A key lesson of science is the importance of a control group; I worry that a lot of coverage and discussion of the biopharma industry (in which I work) neglects this lesson, and instead contrasts (implicitly or explicitly) industry behavior to that of an imagined, idealized standard of perfection, and fails to place the actions in the context of medical science as a whole.
I appreciate critical coverage of the industry: reporters should always maintain high standards, approach new information skeptically, and not take anything at face value.
However, what disappoints me is the common, implicit assumption that industry science deserves to be treated as a special case, rather than considered within the broader framework of contemporary research. I’m especially disappointed by the frequent assumption that the behavior of industry scientists should be viewed more skeptically than the behavior of academic scientists; this strikes me as a magical, often self-serving belief that has now become elevated to the status of conventional wisdom.
Take data sharing, a topic in the news today (and discussed very thoughtfully here by John Wilbanks, the guru of open science). While most media coverage of this topic (both today and over the years) has focused on the transparency of industry research, I’ve been attending the annual Sage Commons Congress since its inception in 2010 (disclosure: I served as a founding advisor to Sage, a non-profit organization focused on open science, founded by Eric Schadt and Stephen Friend), and hearing every year about how incredibly difficult it is to get academic groups to share with each other, for a wide variety of reasons. (See this exceptional talk from Josh Sommer of the Chordoma Foundation at the First Sage Congress). Getting scientists (or any group of competitive human beings) to exchange data turns out to be a real problem — especially in the highly-regulated environment in which clinical data sit.
Unfortunately, as a colleague recently told me, “it’s easier to write stories about industry being bad than it is to write about science being hard.” Consequently, most stories about transparency seem interested in exploring only how industry is behaving, rather than looking at the broader challenges associated with data sharing.
Another example is the recent discussion around the always captivating subject of post-hoc subgroup analysis, a topic experiencing significant buzz in the context of a recent industry-sponsored Alzheimer Disease study– see this Twitter exchange). Highly suspect? You bet. The sole provenance of industry? Not a chance. There’s a remarkable amount of statistically suspect data dredging that occurs in academia – one of the reasons so many papers aren’t reproducible.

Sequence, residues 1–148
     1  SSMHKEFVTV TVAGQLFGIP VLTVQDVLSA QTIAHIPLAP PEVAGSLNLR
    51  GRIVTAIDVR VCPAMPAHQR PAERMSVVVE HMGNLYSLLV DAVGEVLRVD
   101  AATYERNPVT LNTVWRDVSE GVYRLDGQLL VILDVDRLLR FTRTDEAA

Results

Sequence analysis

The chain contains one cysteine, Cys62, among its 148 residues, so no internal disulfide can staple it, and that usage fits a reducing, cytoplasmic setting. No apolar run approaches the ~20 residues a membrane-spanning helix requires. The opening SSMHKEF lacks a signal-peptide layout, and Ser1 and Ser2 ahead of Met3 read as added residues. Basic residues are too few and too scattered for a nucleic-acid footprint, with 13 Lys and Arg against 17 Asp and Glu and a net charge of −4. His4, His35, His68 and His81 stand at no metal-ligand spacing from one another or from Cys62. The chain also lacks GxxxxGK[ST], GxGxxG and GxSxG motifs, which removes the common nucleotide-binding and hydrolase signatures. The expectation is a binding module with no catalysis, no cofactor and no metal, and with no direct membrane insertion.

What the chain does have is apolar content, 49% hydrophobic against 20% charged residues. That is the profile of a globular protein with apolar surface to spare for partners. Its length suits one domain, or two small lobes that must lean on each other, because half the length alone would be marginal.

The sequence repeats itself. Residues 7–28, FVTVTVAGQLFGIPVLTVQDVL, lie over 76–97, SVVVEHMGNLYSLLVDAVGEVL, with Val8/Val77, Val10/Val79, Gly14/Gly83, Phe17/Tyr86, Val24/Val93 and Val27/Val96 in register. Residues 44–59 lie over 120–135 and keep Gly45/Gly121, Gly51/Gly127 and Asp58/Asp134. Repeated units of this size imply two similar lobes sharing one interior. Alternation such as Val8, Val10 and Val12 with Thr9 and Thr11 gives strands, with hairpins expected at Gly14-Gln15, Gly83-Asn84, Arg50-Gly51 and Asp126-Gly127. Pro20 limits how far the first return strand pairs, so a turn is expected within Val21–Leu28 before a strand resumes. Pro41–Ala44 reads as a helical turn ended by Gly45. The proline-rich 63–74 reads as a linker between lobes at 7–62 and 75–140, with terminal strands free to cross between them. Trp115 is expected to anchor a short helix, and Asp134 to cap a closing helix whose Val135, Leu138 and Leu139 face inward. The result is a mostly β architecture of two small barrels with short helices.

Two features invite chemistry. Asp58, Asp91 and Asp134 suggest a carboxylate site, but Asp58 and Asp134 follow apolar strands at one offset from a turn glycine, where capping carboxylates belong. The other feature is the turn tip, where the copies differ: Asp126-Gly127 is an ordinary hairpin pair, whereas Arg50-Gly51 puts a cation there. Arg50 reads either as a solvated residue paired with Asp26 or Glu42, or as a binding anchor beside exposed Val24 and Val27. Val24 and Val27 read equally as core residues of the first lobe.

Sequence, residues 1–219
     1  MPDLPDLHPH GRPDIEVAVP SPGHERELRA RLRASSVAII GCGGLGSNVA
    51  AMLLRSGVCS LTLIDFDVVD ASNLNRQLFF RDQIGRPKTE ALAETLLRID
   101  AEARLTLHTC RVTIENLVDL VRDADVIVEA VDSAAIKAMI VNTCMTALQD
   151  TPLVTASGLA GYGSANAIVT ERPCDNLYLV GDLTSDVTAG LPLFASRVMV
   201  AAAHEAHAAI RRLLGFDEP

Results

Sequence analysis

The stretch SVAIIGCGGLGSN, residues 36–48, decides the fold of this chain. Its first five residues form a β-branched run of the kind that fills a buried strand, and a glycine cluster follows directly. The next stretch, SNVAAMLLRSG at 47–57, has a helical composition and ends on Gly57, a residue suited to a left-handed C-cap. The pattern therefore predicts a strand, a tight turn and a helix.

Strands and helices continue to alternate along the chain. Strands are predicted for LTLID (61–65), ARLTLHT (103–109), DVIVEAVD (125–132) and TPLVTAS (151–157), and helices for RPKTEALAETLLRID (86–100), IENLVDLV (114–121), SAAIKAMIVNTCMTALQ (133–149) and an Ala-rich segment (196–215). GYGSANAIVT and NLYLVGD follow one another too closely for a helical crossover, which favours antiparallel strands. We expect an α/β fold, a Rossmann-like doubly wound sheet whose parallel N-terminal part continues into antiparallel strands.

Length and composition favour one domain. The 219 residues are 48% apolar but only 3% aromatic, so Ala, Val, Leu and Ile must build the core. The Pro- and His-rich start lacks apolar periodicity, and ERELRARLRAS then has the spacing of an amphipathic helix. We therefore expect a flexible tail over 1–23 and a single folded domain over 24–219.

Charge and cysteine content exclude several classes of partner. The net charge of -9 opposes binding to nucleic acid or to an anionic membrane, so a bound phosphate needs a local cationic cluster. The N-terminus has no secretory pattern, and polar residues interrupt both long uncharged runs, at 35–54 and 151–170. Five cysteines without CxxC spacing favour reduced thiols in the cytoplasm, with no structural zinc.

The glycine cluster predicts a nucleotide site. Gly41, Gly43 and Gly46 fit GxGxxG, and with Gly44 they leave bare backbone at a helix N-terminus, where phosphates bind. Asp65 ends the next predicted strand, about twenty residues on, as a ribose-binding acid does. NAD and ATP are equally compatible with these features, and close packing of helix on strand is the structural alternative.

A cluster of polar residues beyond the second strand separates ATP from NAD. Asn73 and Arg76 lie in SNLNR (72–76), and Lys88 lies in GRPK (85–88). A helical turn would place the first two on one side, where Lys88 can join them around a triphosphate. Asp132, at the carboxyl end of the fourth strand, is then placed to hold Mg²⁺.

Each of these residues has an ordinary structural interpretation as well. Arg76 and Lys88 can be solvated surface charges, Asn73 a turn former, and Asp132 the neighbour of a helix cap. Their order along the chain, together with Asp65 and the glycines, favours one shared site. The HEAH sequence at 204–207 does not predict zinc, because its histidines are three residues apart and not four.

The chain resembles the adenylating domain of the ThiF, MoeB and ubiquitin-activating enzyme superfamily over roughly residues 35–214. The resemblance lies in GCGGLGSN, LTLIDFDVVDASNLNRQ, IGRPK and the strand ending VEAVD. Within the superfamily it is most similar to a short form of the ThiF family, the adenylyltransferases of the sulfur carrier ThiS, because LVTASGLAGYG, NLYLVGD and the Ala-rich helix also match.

To be clear: bad statistics is a problem – but one hardly unique to pharma.
Here’s why this matters: a recent New England Journal of Medicine (NEJM) published a study showing that readers of scientific articles are significantly less likely to trust results emanating from industry than from academia. Predictably, some pharmascolds trotted this out as a perfect example of just desserts – industry, they said, is now reaping what it sowed.
Jeff Drazen, the NEJM’s Editor-in-Chief, offered an appreciably more nuanced view: while acknowledging that industry has a financial stake in the outcome of studies, and occasionally has behaved improperly, he also pointed out that “investigators in NIH-sponsored studies also have substantial incentives, including academic promotion and recognition, to try to ensure that their studies change practice.”
Drazen went on to argue that science should be judged based on the quality of the data, and highlighted some ways this could be assured.
I agree with Drazen’s conclusions, which (sadly) must be considered courageous rather than common-sense, given the arena in which he operates.
I’m inclined to take the logic a step further – in my view, the NEJM data emphasize the extent and impact of reflexive anti-industry bias on the coverage of medicine, and demonstrate just how successful the pharmascolds have been in promulgating the message they have so diligently shaped.
The stubborn truth is that while industry is certainly not perfect, it actually conducts science in a remarkably robust fashion – I would have far more confidence in the reproducibility of an industry study – any industry study, from laboratory research to late-phase clinical trial – than I would in a similar study conducted by university scientists.
I have deep respect for my colleagues in industry (I wouldn’t have stayed here if I didn’t), and have been impressed by their dedication, integrity, and profound determination to do good, and make a difference. They have deliberately chosen to enter the arena, to pursue valiantly the incredibly difficult, risky, and uncertain mission of creating new medicines. They deserve and merit admiration and respect – certainly not derision and scorn.
While industry research isn’t flawless, or anything close, much of the critique industry faces – on subjects ranging from data transparency to subgroup analysis – reflect problems facing medical science as a whole, and responsibly should be viewed in that context.
So criticize industry – please. But let’s also be sure to properly contextualize the obstacles we face within the broader challenges scientists everywhere struggle with in the process of generating new knowledge, and — we fervently hope – delivering new cures.
David Shaywitz is co-founder of the Center for Assessment Technology and Continuous Health (CATCH) in Boston. He is a strategist at a biopharmaceutical company in South San Francisco. You can follow him at his personal website. This post originally appeared on Forbes.
Categories: Health 2.0